Alum runs for state delegate

Alum runs for state delegate

“When you open a school, you close a prison,” is a quote by Victor Hugo, and the favorite of Gabriel Acevero, a 2011 UMBC alumnus, co-founder of the Political Science Student Association, and candidate state delegate in Maryland’s thirty-ninth district. Acevero’s campaign is focused on progression in healthcare, education and reforming the justice system.

After receiving his associate’s degree in international relations at Montgomery Community College, Acevero transferred to UMBC as a junior in 2009, and later graduated in 2011 with a degree in Political Science and Public Policy.

Acevero was greatly influenced by the life and story of President Freeman Hrabowski, and cites his professor Arthur T. Johnson as a “fair but firm man, who expected excellence from all his students.” Johnson gave guidance and advice to Acevero throughout his undergraduate career,  and inspiring growth and challenging his thoughts during classes.

“Dr. Hrabowski also came from a working poor background, and the segregated south; then pursuing academia, pursuing higher education, and committing himself to molding the minds and the character of the next generation. I found that very influencing, and that certainly influenced the work I did at the time, and the work I do now,” said Acevero.

“UMBC not only offered me the education, but the space to be civically engaged, as well as the resources to mobilize students on issues important to our generation,” said Acevero. While on campus, his student organization PSSA, still active today, rallied behind issues of their time, advocating for paid sick leave, ruling against the death penalty and for passing gay marriage laws. In Maryland, paid sick leave was not passed until 2017.

Acevero today works as a labor organizer for United Food and Commercial Workers International Local 1994, representing workplace issues and advocating for legislation that impacts working class families, where he represents the majority of government employees from Montgomery County.

Some of his first direct involvement in local politics was working as an organizer for the Dream Act of 2011, a bill that gives financial relief to undocumented students, or those who fall under the Dreamer status. He also started work with Justice Reinvestment Act in 2012 that passed two years ago in 2016, which allocates funding to schools rather than incarceration.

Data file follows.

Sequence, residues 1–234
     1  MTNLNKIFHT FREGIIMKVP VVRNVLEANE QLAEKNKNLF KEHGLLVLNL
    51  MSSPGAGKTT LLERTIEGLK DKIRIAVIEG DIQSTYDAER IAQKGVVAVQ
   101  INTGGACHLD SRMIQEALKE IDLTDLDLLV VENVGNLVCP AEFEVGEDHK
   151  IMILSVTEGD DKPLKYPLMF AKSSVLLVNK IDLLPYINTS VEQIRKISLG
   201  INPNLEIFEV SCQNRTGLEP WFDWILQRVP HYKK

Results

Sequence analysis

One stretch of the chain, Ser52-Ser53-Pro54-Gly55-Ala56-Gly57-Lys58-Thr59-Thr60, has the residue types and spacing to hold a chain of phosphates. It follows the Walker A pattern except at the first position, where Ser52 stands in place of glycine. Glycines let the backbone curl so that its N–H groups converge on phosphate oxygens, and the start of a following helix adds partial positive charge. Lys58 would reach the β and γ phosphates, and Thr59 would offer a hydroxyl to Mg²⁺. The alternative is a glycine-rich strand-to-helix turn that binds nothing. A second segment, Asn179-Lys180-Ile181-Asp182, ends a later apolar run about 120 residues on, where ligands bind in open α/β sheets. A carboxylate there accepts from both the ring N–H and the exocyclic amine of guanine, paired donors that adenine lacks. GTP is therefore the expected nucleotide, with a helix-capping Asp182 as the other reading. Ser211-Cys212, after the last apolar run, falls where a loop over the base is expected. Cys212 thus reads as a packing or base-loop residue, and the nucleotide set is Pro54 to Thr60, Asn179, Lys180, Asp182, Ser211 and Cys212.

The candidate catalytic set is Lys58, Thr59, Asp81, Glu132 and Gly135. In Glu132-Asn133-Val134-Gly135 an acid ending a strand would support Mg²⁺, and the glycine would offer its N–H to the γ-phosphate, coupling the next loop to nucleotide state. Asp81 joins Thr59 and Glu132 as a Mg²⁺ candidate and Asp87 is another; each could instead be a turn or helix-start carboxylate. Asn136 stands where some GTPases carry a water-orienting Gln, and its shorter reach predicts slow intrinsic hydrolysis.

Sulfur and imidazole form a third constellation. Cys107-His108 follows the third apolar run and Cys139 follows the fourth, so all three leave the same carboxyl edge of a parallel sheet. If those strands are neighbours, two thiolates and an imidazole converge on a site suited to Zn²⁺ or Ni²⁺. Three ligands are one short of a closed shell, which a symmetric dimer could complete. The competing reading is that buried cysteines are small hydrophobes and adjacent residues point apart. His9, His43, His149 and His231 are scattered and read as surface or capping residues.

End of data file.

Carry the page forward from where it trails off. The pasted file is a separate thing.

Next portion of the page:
Both of these pieces of legislation influence his campaign today. Of his many priorities, Acevero emphasizes the importance of protecting immigrant families and lowering incarceration rates through funding schools and promoting education.

“I think it’s very important for us to have a welcoming community, and protect immigrant families that may be living in fear,” commented Acevero, referencing the rhetoric against immigrants from the White House administration.

Maryland’s thirty-ninth district encompasses Montgomery County, a sanctuary county since 2005, and also includes non-municipal Gaithersburg, parts of Germantown and Clarksburg, and the town of Washington Grove. Montgomery County is the most diverse district in the United States. Acevero is an immigrant himself; he moved from Trinidad and Tobago in 2009.

From a young age, Acevero has been civically and politically engaged, attending a picket line protest with his mother, a public employee and union organizer who was fighting for better working conditions. He described his home as political debates filling every room, an important focus among members and a foundation to his career.

Throughout his campaign he has received many endorsements, including Montgomery County Executive Isiah Leggett and Council Vice President Nancy Navarro.

“I am proud to have endorsement of committed public servants,” Acevero said.

The historical potential is not lost on Acevero or his supporters; were he to be voted in as state delegate, he would be the first Afro-Latino voted in the office.

The Democratic closed primary for the delegate race is on Tuesday, June 26. Only voters that are registered as a Democrat or Republican can vote in each party’s respective primary to determine which candidate will move on to the general election, which will be on Nov. 6.